Debate continues over cherry crop insurance
Kershaw warns insurance will be the death of cherries
By DAN WHEAT
YAKIMA, Wash. -- Crop insurance should not be blamed for gluts in Washington's sweet cherry market, an official of a Yakima fruit company says.
But the president of another firm stands by his criticism of the program, which he voiced more than a month ago at an industry meeting.
The Actual Revenue History Cherry pilot insurance plan administered by the USDA's Risk Management Agency is working well and is a good risk management tool, said Marvin Lapp of Washington Fruit and Produce Co.
The problem is simply overproduction and too many small cherries, Lapp said.
"Growers need to target growing only large fruit size that is more acceptable in the market," he said.
When too much fruit, particularly if it is small or poor quality, hits the market, consumers quit buying and prices tumble, speakers said at last month's Cherry Institute meeting of Northwest Cherry Growers.
One of the speakers, Robert Kershaw, president and CEO of Domex Superfresh Growers, Yakima, said that crop insurance will be the death of cherries. Growers keep picking when the market is lower than picking costs so they can make insurance claims, he said. It will lead to only packers making money and growers settling for insurance money, he said.
But Dave Paul, director of USDA Risk Management Agency in Spokane, said growers do not have to pick and send fruit to warehouses to file claims.
Insurance company adjusters appraise unharvested marketable production in the field, he said. If some of the fruit has been run on a warehouse line, the value is based on that, he said. If no production has been run and sold, then the unharvested marketable production is valued by an average state price.
Growers are compensated, he said, if their revenue from appraised and harvested marketable fruit falls below their historical average multiplied by their coverage level -- the deductible -- or if they have damaged fruit.
The maximum a grower can insure for is 75 percent of their historical average minus whatever they would have gotten had the fruit gone to market so there's no incentive for them to rely on insurance money, Paul said.
But Kershaw said a lot of volume was picked from July 15 to Aug. 5 last summer "in a very bad market that I believe would not have been picked without the insurance program."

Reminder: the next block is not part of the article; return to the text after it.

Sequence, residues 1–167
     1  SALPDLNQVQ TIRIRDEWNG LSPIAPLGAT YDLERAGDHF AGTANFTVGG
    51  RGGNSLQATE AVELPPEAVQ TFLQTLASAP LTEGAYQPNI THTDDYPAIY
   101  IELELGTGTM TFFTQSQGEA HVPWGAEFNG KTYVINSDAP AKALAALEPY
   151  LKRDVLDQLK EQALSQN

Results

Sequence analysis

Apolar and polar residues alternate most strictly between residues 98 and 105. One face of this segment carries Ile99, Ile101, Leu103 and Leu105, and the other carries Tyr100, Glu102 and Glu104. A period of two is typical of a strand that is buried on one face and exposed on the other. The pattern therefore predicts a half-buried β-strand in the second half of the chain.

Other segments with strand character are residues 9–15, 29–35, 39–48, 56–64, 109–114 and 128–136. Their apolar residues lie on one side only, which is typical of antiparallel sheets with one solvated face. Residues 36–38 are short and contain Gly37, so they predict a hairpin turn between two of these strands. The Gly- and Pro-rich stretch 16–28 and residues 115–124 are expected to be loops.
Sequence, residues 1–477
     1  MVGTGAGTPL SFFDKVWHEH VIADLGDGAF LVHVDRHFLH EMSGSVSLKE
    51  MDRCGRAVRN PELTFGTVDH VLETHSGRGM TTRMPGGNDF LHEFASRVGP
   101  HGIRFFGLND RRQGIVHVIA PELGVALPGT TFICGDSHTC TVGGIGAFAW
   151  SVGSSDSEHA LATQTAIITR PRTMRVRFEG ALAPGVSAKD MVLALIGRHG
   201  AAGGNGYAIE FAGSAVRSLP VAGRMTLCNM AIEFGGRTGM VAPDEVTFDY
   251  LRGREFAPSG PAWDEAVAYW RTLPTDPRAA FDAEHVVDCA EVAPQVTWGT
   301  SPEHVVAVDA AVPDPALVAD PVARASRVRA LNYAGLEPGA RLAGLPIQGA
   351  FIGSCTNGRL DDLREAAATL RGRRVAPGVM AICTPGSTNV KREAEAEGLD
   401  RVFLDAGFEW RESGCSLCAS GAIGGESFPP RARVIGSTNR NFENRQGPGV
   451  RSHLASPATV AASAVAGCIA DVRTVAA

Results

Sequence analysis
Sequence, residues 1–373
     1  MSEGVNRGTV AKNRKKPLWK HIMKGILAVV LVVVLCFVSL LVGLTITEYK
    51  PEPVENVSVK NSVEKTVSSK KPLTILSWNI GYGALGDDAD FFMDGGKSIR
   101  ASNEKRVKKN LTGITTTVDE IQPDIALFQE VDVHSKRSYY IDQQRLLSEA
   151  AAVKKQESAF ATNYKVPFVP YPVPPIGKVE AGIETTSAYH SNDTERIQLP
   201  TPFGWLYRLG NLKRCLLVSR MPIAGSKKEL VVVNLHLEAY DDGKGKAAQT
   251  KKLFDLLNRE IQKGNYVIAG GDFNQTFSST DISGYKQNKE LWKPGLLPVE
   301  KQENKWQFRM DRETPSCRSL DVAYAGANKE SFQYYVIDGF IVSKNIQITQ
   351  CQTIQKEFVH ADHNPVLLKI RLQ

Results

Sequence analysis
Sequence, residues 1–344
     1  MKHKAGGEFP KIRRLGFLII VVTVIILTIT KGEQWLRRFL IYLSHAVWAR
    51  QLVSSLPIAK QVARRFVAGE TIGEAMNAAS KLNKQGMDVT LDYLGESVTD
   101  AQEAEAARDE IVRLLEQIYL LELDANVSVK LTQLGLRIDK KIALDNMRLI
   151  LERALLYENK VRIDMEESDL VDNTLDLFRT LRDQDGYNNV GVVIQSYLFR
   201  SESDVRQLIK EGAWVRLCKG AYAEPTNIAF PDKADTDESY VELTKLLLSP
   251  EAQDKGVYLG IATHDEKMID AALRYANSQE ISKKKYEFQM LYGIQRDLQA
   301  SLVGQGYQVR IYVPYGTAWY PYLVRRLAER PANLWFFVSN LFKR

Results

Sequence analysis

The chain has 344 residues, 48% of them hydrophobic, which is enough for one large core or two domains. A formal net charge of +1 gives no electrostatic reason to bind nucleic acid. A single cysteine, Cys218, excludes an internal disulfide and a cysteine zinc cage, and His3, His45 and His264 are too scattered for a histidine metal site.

The program needs to be addressed for the long-term health of the industry because it hinders the free market, he said.
Oversupply in one year doesn't mean permanent oversupply because it can be used to build future markets, Kershaw said.
A marketer from another company said some grower-packers pack too much small fruit to get what they can for it and then file insurance claims for the remainder of the amount up to their historic revenue average.
Lapp said he's not sure that happens but sometimes packers tell growers to keep picking even when they know they should stop because the market is bad from too much small fruit.
They keep going, Lapp said, because they want to make money and are thinking of their own interests above the greater good of the industry.
It's possible such things happen, but if the program in any way adversely affects the industry, the agency wants to correct it, Paul said.
ARH may keep growers with chronically small or poor fruit in business a few more years than without it but it can't sustain them for the long haul because it is based on their revenue history, which will keep going down, Lapp said.
ARH began in 2009, has received positive comments from the industry and is being continued as a pilot before eventually being made permanent or eliminated, Paul said.
Participation has increased and loss payments have decreased from 2009 through 2012, Paul said.
In 2011, 74 percent of the state's eligible cherry acres were insured for $189 million with $8.2 million in loss payments, he said.
The agency wants to provide growers meaningful revenue protection, not encourage over production, Paul said. The program reduces risk and helps those with losses continue, but it's hard to see how it would encourage growers to plant more, he said.